White water kayaks
White water kayaks are designed to have greater manoeuvrability. To achieve this they are generally much shorter than a touring kayak between 121 and 304 cm long, have more rounded bottoms and turned up ends to negotiate rapids more easily.
The recreational kayak is designed to be stable in calm waters such as lakes and slow moving rivers, making them ideal for nature lovers, fishermen and photographers. Their stability comes from a generally wider beam (width) than other kayak forms; the larger cockpit makes for easier entry and exit.
A kayak’s dimensions have a major impact on the handling characteristics. A longer kayak will tend to keep to a straight line, while the shorter variation will have a greater turning ability. A wider kayak will have more stability than a narrower version, but will require more effort to paddle because of the greater water resistance.
The hull shape also impacts handling characteristics. A symmetrical hull, which has the same shape for the front and back will handle better in white water while an asymmetrical hull will track well.
A rounded hull will give you better speed than the V shaped hull or flat hull, but the latter is more stable. The lengthwise shape of a hull is usually known as the rocker. The more curvature in the hull at the keel line, the easier the kayak will be to turn.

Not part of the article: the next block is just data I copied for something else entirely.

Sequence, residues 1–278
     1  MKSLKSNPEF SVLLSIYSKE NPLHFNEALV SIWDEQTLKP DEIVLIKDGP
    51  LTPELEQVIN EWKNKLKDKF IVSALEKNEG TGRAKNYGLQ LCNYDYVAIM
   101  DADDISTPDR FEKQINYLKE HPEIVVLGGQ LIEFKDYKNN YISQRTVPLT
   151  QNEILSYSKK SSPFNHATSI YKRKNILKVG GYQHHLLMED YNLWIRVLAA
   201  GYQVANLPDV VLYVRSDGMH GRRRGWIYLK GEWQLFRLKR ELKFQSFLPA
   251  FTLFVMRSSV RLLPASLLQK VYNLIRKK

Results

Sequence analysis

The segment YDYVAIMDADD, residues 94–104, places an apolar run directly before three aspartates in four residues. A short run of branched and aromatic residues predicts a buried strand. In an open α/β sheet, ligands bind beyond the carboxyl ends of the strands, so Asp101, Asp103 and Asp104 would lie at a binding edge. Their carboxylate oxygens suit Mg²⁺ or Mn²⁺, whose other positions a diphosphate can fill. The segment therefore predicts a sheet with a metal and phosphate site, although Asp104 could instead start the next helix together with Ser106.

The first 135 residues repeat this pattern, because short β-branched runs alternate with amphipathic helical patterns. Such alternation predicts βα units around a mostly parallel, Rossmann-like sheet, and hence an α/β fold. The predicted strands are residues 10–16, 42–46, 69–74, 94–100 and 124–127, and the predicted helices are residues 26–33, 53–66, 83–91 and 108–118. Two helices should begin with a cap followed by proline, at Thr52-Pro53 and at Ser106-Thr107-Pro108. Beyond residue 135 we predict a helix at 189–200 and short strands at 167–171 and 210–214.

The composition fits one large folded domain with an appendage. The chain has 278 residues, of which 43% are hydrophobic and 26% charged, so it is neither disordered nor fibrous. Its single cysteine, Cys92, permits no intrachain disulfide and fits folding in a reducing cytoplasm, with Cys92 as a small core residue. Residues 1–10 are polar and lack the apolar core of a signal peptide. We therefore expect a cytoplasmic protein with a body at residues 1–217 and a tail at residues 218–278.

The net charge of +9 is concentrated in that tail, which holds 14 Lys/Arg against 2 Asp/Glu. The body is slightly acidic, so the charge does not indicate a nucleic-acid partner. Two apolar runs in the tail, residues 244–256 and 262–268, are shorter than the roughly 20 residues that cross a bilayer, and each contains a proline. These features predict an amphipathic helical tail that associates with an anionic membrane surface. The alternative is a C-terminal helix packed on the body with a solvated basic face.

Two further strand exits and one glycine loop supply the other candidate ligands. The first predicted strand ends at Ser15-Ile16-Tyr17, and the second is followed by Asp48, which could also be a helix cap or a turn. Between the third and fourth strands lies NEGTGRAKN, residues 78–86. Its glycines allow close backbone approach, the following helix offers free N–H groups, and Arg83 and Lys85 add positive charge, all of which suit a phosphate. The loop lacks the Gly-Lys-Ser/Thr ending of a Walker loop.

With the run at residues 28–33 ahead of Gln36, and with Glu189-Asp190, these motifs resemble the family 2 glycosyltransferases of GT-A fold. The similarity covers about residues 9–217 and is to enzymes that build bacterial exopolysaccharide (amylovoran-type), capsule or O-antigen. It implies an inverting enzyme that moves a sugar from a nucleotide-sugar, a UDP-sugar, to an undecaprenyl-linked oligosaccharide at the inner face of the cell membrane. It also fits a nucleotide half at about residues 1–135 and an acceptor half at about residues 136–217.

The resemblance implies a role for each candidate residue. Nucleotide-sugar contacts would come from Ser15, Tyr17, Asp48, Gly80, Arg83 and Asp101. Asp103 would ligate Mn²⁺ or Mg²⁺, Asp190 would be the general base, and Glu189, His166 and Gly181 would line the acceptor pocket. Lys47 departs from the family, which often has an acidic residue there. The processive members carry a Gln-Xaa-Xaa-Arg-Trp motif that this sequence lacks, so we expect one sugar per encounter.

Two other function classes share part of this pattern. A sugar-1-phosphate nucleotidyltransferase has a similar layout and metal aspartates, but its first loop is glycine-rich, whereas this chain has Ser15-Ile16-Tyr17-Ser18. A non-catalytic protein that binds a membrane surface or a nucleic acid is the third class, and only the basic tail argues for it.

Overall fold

Even the shape of the hull where the bottom meets the sides which is known as the chine, affects performance. A smooth transition, known as a soft chine, will give improved speed, while a sharp transition or hard chine gives better tracking and helps when encountering a wave or turning.
More and more people each year are taking up kayaking as a hobby or recreational sport. Kayaking is a fresh air experience fitting the activity levels that you want and can provide hours or even days of fun for the entire family. Anybody can enjoy kayaking, since the sport has so many different facets.